Clinical Images  |   April 2019
Pseudosubarachnoid Hemorrhage After Cardiopulmonary Arrest
Author Notes
  • From the Edward Via College of Osteopathic Medicine in Spartanburg, South Carolina (Student Doctor Borelli and Dr Mickalis), and the Regional Medical Center in Orangeburg, South Carolina (Dr Sanghi). 
  • Financial Disclosures: None reported. 
  • Support: None reported. 
  •  *Address correspondence to Cara M. Borelli, OMS III, 4482 Columbia Rd, Orangeburg, SC 29118-9320. Email:
Article Information
Cardiovascular Disorders / Imaging / Pulmonary Disorders / Clinical Images
Clinical Images   |   April 2019
Pseudosubarachnoid Hemorrhage After Cardiopulmonary Arrest
The Journal of the American Osteopathic Association, April 2019, Vol. 119, 273. doi:
The Journal of the American Osteopathic Association, April 2019, Vol. 119, 273. doi:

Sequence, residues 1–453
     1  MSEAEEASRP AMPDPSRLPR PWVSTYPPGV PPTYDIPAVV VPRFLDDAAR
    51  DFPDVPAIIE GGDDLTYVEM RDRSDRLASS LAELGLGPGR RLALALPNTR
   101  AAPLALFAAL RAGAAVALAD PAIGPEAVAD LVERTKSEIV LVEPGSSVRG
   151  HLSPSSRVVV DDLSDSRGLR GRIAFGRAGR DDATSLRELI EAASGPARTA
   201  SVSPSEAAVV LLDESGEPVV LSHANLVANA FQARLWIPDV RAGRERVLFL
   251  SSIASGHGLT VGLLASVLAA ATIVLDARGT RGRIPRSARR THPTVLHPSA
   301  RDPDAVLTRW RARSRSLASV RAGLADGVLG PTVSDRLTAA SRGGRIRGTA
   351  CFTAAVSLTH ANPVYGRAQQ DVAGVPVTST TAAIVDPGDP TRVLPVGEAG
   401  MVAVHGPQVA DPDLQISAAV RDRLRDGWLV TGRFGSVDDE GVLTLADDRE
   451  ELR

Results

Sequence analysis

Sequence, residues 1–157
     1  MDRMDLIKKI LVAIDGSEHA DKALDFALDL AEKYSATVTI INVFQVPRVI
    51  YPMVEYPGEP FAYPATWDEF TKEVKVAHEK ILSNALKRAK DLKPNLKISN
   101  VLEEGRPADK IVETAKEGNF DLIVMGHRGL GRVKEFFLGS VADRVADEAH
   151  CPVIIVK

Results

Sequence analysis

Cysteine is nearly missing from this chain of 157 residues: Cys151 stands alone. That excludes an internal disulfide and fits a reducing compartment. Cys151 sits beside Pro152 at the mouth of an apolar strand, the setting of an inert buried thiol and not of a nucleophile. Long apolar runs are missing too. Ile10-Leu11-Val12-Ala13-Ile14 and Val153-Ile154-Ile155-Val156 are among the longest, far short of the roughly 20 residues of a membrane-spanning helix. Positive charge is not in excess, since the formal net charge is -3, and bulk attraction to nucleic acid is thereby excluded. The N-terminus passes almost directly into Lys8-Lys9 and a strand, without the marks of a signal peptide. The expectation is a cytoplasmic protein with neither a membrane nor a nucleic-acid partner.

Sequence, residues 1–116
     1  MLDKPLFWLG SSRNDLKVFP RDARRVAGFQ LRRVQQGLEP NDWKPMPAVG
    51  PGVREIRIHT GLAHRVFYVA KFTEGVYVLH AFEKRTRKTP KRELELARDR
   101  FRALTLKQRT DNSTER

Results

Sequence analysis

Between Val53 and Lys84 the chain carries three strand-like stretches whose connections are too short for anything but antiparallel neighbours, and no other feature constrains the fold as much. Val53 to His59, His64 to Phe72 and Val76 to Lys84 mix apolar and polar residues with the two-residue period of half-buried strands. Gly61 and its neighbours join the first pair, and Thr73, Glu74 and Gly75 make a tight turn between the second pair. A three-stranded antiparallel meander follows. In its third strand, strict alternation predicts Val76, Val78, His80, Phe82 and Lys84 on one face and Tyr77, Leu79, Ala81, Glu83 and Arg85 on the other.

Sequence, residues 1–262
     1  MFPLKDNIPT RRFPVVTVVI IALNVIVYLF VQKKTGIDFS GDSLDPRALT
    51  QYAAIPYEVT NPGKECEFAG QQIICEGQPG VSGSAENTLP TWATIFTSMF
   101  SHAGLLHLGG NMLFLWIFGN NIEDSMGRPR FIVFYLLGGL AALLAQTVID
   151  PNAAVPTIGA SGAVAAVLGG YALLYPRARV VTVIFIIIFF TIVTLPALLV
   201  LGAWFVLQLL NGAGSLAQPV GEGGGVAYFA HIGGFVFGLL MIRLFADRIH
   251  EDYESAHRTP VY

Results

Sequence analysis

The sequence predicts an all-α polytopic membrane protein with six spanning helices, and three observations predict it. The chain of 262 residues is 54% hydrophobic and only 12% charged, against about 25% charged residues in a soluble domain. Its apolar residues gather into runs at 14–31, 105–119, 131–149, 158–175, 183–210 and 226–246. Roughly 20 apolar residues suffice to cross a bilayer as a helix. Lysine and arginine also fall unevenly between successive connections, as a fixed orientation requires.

A 46-year-old woman had a sudden cardiopulmonary arrest directly after a surgical procedure. She was resuscitated twice for 15 minutes each time; however, despite return of spontaneous circulation, the patient never regained consciousness. Noncontrast head computed tomography (CT) findings 1 day after resuscitation were unremarkable. Forty-eight hours later, a repeated head CT showed the development of extensive cerebral edema, effacement of the sulci, slitlike ventricles, and apparent subarachnoid hemorrhage (image, arrow) with effacement of the basal cisterns. However, the hyperattenuation of the subarachnoid space was lower than would be expected in true subarachnoid hemorrhage, suggesting pseudosubarachnoid hemorrhage. Because of the patient's poor prognosis, the decision was made to withdraw care. 
Pseudosubarachnoid hemorrhage is a CT sign that is commonly due to cerebral edema from anoxic ischemic encephalopathy.1-3 Other causes include severe leptomeningitis, intrathecal contrast, and venous sinus thrombosis.1,4 Hounsfield unit (HU) measurements on CT can help distinguish true subarachnoid hemorrhage from pseudosubarachnoid hemorrhage: the hyperattenuation of the subarachnoid space is lower in pseudosubarachnoid hemorrhage (30-40 HU) than in true subarachnoid hemorrhage (60-70 HU). 
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